I’ve always believed that Photoshop Elements is the best-kept secret that Adobe has hiding in their arsenal. If you haven’t played around with it, I think you’ll be shocked by its features: it boasts everything from advanced selections with the Refine Edge feature to simplified Guided Edits that keep your processing streamlined. Every time I chat with another photographer about software, they never can believe how much DNA Photoshop and Photoshop Elements share.
Every year, when Adobe introduces their new version of Elements, they always toss in a few fun, fresh features to keep PSE-loyalists happy. This year, I can’t believe how excited I am about two of their new Guided Edit styles: the Double Exposure creator and the Background Changer. These two photo editing methods are incredibly popular, but also tedious and can drive people crazy with making hand-drawn selections. Luckily, thanks to some quick steps, the process just got a whole lot easier!
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Last year, not long after it came out, I bought a Fuji X100 because I was intrigued by the promise of a small, rangefinder-like camera with a fixed 35mm lens. I liked the idea of being forced to shoot with a specific field of view; I loved the look and feel of the camera; and it’s hard to beat Fuji’s lens and image quality. What was easy to beat, at the time, was the X100’s autofocus and clumsy menu system. These issues were so frustrating that I sold the camera not long after I bought it. I came to mildly regret this decision as Fuji released firmware updates that addressed many of the issues that had bothered me, but didn’t think seriously about returning to the camera. But with the release of the Fuji X-E1, I couldn’t resist giving Fuji another chance. Here are some of my impressions and thoughts about Fuji’s latest mirrorless camera.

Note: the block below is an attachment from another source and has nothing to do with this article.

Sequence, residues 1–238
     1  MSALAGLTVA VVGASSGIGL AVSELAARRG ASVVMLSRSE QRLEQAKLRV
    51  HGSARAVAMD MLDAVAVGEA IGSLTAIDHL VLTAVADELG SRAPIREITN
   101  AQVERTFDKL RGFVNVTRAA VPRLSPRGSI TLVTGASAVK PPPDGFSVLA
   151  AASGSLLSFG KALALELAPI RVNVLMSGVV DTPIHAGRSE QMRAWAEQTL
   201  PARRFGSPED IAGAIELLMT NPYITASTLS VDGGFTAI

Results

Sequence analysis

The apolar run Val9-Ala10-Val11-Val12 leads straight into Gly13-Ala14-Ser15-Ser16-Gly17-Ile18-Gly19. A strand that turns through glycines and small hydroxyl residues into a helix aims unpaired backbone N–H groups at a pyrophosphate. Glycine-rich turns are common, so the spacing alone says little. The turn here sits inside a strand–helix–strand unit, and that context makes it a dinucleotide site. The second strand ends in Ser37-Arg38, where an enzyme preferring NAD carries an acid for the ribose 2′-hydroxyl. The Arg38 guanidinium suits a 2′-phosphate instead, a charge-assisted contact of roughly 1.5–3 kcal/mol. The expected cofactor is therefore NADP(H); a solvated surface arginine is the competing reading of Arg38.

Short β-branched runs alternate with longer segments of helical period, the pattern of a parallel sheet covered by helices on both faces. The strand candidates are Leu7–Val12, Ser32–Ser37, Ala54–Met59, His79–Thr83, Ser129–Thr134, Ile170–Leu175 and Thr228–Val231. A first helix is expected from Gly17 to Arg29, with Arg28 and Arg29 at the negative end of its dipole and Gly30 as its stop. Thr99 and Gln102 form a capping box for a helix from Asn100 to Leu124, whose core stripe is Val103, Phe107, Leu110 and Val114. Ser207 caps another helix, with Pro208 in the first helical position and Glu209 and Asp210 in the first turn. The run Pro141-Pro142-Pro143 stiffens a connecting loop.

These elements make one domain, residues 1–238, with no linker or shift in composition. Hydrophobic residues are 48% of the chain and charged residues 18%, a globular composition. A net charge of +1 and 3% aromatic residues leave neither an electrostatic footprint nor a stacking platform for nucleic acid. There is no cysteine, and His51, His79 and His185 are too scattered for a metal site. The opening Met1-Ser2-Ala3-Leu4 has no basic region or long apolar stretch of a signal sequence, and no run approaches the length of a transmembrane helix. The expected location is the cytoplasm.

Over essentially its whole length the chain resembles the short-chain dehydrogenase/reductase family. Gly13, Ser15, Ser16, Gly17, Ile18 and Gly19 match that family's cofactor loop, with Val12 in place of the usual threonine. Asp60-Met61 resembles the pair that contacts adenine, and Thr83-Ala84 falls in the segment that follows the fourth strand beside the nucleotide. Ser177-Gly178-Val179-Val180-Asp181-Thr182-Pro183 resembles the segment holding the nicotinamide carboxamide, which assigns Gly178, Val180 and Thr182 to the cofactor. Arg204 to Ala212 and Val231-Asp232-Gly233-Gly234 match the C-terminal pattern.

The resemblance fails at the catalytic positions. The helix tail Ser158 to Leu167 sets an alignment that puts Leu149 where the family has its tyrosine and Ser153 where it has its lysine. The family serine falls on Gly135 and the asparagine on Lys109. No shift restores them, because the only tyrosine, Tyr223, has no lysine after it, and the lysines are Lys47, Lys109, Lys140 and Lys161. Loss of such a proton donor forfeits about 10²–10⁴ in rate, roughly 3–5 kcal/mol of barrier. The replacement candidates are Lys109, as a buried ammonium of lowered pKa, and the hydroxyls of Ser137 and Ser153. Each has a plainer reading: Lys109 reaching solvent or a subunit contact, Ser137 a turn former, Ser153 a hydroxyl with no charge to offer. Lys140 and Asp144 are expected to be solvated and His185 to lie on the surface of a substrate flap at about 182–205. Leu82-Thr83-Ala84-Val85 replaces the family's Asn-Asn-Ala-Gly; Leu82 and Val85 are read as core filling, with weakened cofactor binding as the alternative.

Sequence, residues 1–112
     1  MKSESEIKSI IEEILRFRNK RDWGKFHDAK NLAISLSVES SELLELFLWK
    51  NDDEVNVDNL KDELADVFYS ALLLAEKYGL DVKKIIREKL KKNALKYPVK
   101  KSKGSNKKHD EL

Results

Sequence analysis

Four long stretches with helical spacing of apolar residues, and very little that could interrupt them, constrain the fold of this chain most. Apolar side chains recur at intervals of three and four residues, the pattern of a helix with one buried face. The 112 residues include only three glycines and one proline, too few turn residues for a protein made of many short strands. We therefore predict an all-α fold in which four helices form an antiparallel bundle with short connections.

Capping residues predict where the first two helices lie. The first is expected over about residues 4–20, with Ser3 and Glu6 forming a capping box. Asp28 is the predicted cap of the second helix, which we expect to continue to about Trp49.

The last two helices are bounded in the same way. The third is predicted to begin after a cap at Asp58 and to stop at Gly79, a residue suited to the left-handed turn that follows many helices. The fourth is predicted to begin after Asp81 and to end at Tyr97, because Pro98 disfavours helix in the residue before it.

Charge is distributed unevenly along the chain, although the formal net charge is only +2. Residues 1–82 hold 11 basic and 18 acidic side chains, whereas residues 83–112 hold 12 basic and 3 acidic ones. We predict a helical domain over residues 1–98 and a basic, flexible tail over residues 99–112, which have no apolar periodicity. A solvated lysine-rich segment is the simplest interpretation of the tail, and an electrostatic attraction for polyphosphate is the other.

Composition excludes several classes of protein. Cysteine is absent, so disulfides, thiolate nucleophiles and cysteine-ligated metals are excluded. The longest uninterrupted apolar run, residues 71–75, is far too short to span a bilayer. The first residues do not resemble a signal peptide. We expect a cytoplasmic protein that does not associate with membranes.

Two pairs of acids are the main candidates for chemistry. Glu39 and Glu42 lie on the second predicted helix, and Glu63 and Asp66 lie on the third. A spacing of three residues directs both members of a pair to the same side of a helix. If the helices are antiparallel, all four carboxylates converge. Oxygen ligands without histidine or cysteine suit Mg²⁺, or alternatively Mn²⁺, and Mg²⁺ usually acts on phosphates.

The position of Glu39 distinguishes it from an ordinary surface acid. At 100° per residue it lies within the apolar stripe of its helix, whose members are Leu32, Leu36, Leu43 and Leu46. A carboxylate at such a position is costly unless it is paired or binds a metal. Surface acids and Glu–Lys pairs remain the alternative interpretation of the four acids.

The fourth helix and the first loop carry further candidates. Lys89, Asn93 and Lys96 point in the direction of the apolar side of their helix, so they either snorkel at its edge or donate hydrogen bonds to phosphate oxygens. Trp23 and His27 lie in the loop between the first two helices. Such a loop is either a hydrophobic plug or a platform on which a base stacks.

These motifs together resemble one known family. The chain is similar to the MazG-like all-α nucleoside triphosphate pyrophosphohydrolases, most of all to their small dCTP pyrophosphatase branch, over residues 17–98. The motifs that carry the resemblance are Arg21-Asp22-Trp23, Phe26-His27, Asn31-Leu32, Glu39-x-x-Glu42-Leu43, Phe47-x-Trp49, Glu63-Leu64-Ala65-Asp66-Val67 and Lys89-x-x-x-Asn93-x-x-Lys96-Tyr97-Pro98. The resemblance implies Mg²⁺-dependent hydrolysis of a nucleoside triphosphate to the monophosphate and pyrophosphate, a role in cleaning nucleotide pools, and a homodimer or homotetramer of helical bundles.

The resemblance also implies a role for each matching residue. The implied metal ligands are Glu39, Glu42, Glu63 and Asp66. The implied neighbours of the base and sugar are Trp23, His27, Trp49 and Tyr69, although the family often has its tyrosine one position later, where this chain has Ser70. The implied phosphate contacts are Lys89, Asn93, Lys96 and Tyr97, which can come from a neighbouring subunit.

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There are lots of ways to convert color images to black and white. In Photoshop, you can use a grayscale mode change, or convert the image to L*A*B color and then extract the Luminance channel. Or, you can pull a single RGB channel, drain the saturation out of an image or use Photoshop’s excellent Black and White conversion tool. The list goes on and on, but in my opinion, the best way to perform black and white conversion (more accurately called grayscale conversion is with nik’s Silver Efex Pro 2, a plug-in for Photoshop, Aperture, and Lightroom.
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